Zone of Avoidance
Dust and stars in the plane of the Milky Way (the galactic plane) block our view of about 20% of the sky at visible wavelengths. As a result, optical galaxy catalogues are usually very incomplete close to the galactic plane.
Modern developments[change | change source]
In more recent years, many projects have attempted to bridge the gap in our knowledge caused by the Zone of Avoidance. However, the effects of the Zone drops at longer wavelengths, such as the infrared, and the Milky Way is effectively transparent at radio wavelengths. Surveys in the infrared have given us a more complete picture of the extragalactic sky. Indeed, two very large nearby galaxies, Maffei 1 and Maffei 2, were discovered in the Zone of Avoidance by Paolo Maffei by their infrared emission in 1968. Even so, about 10% of the sky remains difficult to survey because extragalactic objects (for example, distant galaxies) can be confused with stars in the Milky Way.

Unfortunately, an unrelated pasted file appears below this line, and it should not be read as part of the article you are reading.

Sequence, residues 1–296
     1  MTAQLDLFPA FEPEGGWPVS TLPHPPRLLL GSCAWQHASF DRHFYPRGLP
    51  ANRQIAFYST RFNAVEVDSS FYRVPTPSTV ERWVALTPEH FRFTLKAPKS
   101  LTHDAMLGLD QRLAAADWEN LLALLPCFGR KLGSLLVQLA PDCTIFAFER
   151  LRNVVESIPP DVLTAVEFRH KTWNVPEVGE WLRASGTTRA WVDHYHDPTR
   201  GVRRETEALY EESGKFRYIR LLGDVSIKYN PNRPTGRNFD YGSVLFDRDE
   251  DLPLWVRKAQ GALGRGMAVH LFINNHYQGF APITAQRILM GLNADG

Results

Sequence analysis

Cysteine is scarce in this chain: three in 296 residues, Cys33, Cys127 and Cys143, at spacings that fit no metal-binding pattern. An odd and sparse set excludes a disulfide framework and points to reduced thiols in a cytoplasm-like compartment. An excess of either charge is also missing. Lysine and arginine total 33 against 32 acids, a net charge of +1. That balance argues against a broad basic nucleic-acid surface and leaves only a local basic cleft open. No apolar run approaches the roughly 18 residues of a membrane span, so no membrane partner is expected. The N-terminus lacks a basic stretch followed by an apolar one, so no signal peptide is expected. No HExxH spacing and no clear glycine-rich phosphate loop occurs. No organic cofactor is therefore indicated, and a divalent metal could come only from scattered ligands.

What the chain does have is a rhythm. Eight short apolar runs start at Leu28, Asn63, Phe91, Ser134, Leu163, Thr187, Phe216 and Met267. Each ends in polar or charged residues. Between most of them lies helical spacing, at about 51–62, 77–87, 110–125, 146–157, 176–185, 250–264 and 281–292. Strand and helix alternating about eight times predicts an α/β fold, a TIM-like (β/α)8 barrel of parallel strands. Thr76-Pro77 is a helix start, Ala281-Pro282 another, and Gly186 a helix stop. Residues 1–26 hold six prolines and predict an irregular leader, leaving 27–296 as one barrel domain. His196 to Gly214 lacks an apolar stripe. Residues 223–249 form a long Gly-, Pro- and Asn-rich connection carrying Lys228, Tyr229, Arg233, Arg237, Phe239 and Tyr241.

Projects to survey the Zone of Avoidance at radio wavelengths have detected many galaxies that could not be detected in the infrared. Examples of galaxies detected from their HI emission include Dwingeloo 1 and Dwingeloo 2.
References[change | change source]
- Kraan-Korteweg, Renée C.; Ofer Lahav (May 24, 2000). "The Universe behind the Milky Way". The Astronomy and Astrophysics Review. doi:10.1007/s001590000011.
- R. C., Kraan-Korteweg; L. Staveley-Smith, J. Donley, P.A. Henning (November 5, 2003). "The Universe behind the Southern Milky Way". Maps of the Cosmos - ASP Conference Series International Astronomical Union.